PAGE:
Woman Seeks Second Opinion for Gastroesophageal Reflux Disease (GERD) Treatment
Minimally Invasive Procedure Provides Relief from Chronic Pain
When Theresa Daddono's friend approached her with an article in the Chicago Tribune about Marco Patti, MD--a world-renowned surgeon and director of our Center for Esophageal Diseases--she said she had renewed hope that there might be a solution to the gastroesophageal reflux disease (GERD) that had been causing her chronic pain.
Daddono, 71, had undergone surgery about six years earlier at a hospital in Jacksonville, Florida. The procedure, called a laparoscopic fundoplication, can stop reflux of stomach contents by tightening the valve located between the stomach and the esophagus, and was successful in stopping Daddono's pain for about three years.
When her symptoms returned, she was able to manage them effectively for another couple years. Eventually the medications lost their effectiveness, and Daddono sought help from a surgeon at another Chicago hospital.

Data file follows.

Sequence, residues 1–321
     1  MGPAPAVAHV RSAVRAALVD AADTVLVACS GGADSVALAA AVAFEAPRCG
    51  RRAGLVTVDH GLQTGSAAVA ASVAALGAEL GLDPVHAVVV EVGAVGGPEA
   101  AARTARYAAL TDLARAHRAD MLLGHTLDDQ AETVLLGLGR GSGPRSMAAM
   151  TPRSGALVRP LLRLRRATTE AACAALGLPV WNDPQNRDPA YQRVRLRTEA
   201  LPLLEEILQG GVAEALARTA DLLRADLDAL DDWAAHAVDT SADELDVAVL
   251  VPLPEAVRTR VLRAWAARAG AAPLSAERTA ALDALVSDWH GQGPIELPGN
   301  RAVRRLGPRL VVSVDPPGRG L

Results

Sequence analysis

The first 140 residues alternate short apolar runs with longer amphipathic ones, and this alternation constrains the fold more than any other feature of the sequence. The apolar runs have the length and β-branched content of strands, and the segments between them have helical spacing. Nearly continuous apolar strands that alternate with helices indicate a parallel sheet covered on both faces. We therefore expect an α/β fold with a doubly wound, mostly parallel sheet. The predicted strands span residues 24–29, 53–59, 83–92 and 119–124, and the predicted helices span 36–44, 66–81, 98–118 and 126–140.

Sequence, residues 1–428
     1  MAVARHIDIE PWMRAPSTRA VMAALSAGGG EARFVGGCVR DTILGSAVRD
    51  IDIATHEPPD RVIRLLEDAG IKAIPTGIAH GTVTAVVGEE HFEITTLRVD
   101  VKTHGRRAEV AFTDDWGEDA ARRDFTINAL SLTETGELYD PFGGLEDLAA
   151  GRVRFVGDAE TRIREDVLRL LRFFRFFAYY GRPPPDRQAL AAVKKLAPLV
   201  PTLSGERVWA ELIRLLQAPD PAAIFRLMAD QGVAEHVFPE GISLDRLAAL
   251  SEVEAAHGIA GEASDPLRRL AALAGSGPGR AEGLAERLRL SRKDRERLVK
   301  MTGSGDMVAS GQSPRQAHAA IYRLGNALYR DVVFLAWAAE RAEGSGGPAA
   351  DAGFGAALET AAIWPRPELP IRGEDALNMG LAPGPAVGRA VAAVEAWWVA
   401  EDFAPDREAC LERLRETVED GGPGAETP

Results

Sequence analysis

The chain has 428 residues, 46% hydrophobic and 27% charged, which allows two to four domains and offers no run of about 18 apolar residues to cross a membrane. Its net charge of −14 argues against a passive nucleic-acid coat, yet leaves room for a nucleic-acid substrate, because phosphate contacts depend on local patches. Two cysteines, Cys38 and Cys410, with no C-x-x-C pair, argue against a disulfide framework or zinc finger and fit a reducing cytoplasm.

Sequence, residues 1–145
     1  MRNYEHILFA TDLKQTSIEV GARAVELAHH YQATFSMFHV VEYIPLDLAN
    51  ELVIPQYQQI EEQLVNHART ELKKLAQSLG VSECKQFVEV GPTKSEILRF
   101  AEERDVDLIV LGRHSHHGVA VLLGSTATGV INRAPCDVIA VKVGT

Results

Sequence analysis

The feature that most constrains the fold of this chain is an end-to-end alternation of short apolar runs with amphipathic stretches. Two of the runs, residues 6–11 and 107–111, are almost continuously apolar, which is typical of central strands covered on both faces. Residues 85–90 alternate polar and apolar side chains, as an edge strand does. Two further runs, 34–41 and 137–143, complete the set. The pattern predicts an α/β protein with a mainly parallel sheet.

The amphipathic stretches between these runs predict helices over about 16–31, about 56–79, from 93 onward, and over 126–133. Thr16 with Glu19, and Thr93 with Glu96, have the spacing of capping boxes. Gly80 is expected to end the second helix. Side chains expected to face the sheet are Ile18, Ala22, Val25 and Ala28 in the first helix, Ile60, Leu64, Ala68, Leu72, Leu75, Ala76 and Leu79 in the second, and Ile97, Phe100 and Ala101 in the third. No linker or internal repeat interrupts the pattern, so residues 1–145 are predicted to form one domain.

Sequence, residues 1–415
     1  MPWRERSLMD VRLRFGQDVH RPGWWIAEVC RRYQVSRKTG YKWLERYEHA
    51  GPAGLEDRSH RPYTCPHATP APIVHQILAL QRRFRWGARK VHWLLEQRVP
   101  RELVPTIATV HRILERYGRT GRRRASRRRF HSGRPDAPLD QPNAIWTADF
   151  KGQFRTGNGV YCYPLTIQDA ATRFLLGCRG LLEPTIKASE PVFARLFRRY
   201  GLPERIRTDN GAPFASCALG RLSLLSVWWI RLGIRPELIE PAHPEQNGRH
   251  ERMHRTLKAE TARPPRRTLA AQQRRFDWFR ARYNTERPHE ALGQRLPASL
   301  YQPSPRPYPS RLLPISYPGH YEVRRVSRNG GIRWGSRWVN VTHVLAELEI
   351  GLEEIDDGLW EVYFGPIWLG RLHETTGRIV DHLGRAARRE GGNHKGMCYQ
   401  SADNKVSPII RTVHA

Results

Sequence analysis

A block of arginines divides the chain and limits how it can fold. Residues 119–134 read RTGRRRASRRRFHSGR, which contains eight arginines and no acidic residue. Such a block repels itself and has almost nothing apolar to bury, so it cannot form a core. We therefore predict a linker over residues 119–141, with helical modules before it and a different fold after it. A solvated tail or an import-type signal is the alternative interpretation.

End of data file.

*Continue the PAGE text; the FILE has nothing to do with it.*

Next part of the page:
"That surgeon told me that it would be necessary to perform another operation through a very large incision in my chest, requiring a long period of anesthesia and a very long and painful recovery," Daddono said.
The Chicago Tribune article led her to seek a second opinion from Dr. Patti in December 2008. Dr. Patti's practice is largely focused on treating GERD, and he is a world-renowned leader in the field of minimally invasive esophageal surgery. "Dr. Patti told me he felt confident that he could perform the repair through an incision in my abdomen, resulting in a much easier surgery and a much faster recovery," she said. "I said, 'Let's go for it.'"
After a five-day hospital stay to recover, during which Daddono said she felt no pain, she is back at home eating her favorite foods and playing with her eight grandchildren.
"Immediately upon meeting Dr. Patti, I trusted him, and I am so glad I did," she said. "His confidence was extremely reassuring, and he explained everything to me every step of the way. My pain is gone, and I truly think of him as a miracle worker."